For The Answer
Weekly Express-News Article
By Calvin R. Finch, PhD, SAWS Water Resources Director, and Horticulturist
Saturday, July 29, 2006
Some of us are content to accept drought restrictions as a sign from above that it is time to take a break from gardening and landscape work. Let the lawn go dormant, forget the fall garden this year, and let those well adapted shrubs and trees survive without special care just like they did for thousands of years before man decided they needed our help. Such an attitude is reasonable and will certainly reduce water use until the rains arrive, but it is not necessary, there are lots of activities in which you can spend your free time without using excessive amounts of water.
· Be optimistic that wet years will return. Prepare new raised beds for an expanded vegetable garden or a cutting flower garden. Used railroad ties laid end to end filled with landscape mix is an easy way to construct a garden. Put in your own drip irrigation to make it water efficient and very productive.
· Re-work your raised bed garden. Have your favorite horticultural supply firm deliver a load of compost or landscape soil and till it in to refill and refresh the bed. Also, add one cup of slow release lawn fertilizer per 100 square feet of bed to help overcome the lack of nutrients in commercial compost.
· Replenish the mulch in your shrub borders and beds. There are lots of materials to choose from. I like pecan shells, shredded brush, leaves, shredded cedar or cypress and bark. The mulch reduces evaporation from the soil and keeps it cool so roots can function in the full soil reservoir.
· Put up a new deer fence. Populations of the destructive pests, or “delightful creatures,” depending on your attitude, are growing in many neighborhoods throughout the region. A seven foot fence or deer webbing will make it less frustrating to garden when the rains do resume.
· Review your irrigation instruction booklets and become more knowledgeable about your irrigation system so you can repair any leaks that occur and use the system in the most efficient manner. There is information on the internet and at your irrigation supplier to teach you how to adjust or replace the emitters and sprinkler heads. Repairing plastic pipe is relatively easy and is covered in many home repair guides.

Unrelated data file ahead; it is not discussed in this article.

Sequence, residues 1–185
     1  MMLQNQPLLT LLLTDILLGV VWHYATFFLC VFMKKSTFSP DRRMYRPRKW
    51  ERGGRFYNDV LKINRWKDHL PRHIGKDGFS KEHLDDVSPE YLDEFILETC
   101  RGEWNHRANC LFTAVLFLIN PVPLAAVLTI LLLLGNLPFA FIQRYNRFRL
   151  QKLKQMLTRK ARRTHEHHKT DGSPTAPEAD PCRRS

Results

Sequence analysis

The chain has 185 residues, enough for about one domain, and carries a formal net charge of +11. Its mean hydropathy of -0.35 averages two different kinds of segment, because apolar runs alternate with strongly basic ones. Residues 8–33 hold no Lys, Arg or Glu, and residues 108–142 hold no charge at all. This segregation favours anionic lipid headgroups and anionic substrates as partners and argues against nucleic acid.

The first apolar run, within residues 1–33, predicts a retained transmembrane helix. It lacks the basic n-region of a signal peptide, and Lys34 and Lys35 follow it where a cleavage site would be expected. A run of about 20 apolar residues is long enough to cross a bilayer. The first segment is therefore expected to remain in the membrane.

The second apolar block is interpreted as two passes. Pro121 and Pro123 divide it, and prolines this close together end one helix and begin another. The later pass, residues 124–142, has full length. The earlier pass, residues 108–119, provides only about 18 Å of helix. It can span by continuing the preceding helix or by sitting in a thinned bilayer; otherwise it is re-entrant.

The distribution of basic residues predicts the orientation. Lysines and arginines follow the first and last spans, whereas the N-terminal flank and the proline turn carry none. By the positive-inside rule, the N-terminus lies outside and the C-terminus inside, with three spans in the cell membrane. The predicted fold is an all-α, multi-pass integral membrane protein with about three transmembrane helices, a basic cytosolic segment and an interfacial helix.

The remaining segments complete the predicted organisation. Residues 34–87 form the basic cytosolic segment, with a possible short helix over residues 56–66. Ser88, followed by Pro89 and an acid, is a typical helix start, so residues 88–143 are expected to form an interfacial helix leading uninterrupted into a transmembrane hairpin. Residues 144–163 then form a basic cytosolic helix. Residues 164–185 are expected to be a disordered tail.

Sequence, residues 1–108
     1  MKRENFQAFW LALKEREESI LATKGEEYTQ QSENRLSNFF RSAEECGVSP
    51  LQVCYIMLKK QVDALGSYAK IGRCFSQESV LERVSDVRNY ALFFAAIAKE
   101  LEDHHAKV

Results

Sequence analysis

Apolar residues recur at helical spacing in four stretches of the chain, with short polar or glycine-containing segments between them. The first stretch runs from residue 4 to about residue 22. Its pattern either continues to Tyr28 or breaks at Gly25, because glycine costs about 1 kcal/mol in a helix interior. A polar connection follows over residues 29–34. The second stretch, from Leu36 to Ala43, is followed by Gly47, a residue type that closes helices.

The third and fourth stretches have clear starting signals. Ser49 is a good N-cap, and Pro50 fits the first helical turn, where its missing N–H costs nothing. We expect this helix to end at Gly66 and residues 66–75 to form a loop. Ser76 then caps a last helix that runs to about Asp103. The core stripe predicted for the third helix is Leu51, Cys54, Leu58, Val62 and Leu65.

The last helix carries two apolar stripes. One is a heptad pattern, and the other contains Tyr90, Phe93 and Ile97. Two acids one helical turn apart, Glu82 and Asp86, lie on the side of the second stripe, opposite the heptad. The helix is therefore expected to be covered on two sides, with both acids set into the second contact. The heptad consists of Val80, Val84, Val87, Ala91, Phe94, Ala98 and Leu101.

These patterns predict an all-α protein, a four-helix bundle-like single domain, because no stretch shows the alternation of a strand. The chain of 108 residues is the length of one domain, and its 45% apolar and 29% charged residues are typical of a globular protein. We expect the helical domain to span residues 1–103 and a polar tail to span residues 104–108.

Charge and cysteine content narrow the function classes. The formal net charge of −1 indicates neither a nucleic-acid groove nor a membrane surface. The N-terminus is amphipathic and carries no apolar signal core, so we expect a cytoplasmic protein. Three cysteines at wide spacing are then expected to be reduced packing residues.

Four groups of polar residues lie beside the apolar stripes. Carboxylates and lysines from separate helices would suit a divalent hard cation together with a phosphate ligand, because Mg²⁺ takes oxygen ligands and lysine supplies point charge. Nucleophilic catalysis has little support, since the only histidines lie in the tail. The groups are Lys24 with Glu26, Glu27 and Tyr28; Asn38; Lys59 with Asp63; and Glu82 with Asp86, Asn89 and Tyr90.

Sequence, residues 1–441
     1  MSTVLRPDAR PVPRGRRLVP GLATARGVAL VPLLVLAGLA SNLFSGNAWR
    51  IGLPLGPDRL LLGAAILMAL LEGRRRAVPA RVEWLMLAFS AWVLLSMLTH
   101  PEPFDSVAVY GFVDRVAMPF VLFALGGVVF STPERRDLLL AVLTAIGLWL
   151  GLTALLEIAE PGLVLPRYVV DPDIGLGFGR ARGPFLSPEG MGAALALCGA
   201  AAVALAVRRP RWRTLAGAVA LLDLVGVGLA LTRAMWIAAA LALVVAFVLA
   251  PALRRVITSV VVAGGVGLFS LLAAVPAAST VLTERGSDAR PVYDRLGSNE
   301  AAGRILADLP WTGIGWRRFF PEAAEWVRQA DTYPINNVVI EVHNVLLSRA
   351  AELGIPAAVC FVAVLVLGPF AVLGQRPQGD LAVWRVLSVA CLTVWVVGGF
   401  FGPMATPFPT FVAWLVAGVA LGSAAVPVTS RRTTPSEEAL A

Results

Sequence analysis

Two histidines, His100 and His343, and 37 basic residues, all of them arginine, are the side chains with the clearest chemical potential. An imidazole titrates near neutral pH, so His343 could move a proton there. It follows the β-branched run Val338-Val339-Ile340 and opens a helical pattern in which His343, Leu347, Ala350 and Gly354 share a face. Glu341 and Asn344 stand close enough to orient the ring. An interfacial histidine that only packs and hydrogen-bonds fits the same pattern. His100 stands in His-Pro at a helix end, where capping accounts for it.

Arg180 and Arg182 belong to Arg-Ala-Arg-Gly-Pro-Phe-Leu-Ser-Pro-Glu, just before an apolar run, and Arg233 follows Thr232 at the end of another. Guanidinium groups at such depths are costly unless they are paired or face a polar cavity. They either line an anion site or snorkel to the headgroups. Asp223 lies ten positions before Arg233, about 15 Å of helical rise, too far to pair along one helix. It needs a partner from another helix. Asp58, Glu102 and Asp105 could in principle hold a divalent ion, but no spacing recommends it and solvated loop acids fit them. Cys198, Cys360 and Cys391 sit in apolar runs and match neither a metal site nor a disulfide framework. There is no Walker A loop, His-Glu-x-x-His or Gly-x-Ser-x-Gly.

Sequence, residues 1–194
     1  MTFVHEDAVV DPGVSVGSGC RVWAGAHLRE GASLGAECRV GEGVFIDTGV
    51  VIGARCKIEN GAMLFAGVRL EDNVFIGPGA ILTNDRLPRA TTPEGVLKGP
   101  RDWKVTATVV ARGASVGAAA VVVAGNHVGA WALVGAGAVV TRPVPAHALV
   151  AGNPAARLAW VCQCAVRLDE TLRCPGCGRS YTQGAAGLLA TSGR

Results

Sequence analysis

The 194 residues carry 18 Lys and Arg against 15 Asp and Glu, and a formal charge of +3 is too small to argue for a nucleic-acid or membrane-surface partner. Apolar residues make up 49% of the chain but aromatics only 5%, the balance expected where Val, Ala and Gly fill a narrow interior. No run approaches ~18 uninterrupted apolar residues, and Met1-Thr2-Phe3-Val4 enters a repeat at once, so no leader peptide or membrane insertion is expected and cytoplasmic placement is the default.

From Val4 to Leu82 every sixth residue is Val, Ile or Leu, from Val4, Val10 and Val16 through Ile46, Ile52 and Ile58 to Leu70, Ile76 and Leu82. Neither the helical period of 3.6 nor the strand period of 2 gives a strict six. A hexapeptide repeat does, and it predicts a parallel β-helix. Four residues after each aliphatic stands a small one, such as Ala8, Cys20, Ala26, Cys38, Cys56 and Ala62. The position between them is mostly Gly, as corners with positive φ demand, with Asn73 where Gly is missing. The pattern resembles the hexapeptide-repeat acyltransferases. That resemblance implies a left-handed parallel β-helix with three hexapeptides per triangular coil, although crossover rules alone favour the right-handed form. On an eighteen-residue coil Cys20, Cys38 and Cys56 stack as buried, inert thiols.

· Review the drought restrictions on the SAWS website at www.saws.org. Serve as a resource for your neighborhood and/or church. Contact individuals who are not following the restrictions and encourage them to do so.
Obtain and install a rain sensor on your
irrigation system. As of January 1,
2006, it is the law in
· Refurbish your purple martin houses. The birds have fledged their young and do not need the houses anymore this season. It may be time to replace the house or to install a better pole. Some pole systems make is very easy to raise and lower your house. Others are very difficult.
· Begin feeding the hummingbirds. Every pet store, many super markets, and most variety stores have hummingbird feeders. Select one that is easy to take apart and clean. Mix sugar with water in the ratio of one part sugar to four parts water. Hummingbirds are great fun to observe, especially in the autumn.
· Put up a bird bath to help the songbirds find enough water to survive the drought. The concrete and masonry baths are the best for the birds. Rinse and fill the baths every two days.
· Whatever direction you take with your garden, do not overdo it in the heat. Wear a hat, loose clothing, and drink plenty of fluids. Limit the strenuous activities to the morning or the evening.